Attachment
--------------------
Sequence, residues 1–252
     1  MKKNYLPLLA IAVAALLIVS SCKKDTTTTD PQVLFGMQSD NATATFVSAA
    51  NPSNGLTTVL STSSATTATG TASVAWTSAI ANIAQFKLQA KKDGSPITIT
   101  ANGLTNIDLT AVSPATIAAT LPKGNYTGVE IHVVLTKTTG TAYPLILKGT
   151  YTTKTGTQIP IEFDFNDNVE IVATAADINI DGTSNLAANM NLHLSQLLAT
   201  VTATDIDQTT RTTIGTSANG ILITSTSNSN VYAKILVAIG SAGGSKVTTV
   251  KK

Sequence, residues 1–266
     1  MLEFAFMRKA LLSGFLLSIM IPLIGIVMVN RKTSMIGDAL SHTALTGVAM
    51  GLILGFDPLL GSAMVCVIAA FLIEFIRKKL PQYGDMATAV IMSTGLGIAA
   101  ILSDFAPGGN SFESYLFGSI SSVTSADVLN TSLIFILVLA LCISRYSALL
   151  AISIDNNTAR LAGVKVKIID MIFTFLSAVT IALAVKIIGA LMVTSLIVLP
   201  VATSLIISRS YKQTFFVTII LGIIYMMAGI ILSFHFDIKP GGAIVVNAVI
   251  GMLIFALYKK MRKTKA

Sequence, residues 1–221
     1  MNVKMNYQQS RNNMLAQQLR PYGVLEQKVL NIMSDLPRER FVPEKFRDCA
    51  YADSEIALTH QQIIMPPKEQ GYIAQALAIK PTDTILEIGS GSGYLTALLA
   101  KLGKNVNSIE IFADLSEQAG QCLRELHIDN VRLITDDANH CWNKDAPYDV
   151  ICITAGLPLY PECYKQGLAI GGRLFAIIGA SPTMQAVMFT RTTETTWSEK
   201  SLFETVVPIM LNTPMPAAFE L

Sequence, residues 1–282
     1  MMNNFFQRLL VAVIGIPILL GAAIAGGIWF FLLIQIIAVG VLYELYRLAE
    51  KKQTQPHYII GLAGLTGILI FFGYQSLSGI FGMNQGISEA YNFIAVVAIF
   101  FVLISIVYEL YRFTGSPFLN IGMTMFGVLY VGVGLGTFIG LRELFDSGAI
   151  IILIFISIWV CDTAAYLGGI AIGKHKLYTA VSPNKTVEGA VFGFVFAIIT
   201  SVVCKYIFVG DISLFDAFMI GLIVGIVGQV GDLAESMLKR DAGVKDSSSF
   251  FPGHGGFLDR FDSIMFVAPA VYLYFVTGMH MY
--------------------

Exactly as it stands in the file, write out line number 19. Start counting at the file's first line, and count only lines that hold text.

   151  ICITAGLPLY PECYKQGLAI GGRLFAIIGA SPTMQAVMFT RTTETTWSEK